Serviced apartments, AirBnB and other short-term lettings are growing in London and other cities. Often these utilise apartments in residential blocks where the apartment owners are investors who have acquired the property on a long lease, specifically to rent out on a short-term basis either direct to the end occupiers or by underletting their property to a serviced apartment operator who in turn will enter into short-term lets.
Such owners and serviced apartment operators should beware of the specific terms of the long lease of the apartment. A very common restriction in such leases, to use the apartment as a private residence only, has now been held by the Upper Tribunal to prohibit short-term lets (Iveta Nemcova v Fairfield Rents Limited). This now gives disgruntled neighbours, disturbed by the disruption caused by short-term occupants, and head landlords looking also to prevent such use (or to secure a premium for varying the lease) a clear argument that the use is in breach of the lease.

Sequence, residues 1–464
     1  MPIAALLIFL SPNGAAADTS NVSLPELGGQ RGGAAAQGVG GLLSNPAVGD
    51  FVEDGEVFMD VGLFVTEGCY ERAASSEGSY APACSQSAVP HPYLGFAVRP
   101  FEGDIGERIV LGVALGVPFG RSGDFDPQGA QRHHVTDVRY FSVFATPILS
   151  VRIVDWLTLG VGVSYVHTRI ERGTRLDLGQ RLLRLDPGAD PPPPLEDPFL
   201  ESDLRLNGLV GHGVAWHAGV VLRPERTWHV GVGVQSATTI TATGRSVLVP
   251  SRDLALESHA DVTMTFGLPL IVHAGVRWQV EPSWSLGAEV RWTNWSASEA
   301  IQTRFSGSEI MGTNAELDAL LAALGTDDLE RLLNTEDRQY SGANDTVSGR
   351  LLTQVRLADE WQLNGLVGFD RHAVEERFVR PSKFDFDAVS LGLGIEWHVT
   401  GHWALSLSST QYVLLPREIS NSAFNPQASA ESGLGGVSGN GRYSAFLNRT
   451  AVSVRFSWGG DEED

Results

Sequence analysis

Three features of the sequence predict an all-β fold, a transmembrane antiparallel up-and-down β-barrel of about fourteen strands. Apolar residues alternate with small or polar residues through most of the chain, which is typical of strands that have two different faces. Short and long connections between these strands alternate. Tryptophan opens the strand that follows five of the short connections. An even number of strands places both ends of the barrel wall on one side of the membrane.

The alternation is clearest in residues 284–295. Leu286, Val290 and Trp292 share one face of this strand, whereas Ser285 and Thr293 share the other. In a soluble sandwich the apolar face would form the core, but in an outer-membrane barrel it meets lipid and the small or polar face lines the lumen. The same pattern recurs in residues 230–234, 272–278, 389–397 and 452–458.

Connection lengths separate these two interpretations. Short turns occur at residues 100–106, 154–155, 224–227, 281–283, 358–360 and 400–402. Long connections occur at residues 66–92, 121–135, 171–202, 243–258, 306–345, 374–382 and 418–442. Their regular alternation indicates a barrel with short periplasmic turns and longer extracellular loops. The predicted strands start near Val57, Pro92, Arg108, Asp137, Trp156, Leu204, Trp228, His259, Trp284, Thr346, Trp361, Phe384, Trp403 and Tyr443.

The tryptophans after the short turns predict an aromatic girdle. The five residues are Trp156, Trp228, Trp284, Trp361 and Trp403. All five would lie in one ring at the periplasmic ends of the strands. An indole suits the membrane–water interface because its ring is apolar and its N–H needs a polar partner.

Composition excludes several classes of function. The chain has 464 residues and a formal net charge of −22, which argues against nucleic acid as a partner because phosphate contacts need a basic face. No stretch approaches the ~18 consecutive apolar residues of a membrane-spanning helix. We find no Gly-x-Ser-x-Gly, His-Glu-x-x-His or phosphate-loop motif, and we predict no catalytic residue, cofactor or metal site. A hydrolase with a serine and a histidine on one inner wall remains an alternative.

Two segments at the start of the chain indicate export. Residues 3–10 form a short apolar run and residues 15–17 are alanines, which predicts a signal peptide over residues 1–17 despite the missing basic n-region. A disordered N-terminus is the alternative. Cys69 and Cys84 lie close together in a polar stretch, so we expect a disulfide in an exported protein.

A further potential problem is the permitted use for the purposes of the Planning Acts. A private residence is a Class C3 use and leases often permit use for C3 purposes only, or at least include an obligation on the tenant not to breach planning laws. Use as serviced apartments or short-term lets is being challenged by some local authorities on the basis that it is a C1 use, not C3.
- Check the lease for a private residence only restriction, and also for other covenants that might prevent such use, such as a prohibition on letting for short periods or against use other than Use Class C3;
- If acquiring a lease with the intention of granting short-term lets, negotiate provisions that allow this use;
- If granting an underlease to a serviced apartment operator where the headlease contains provisions that might prevent short-term lets, agree with the operator who will take the risk of enforcement action and what will happen if the use is successfully challenged (e.g. either party may terminate the lease).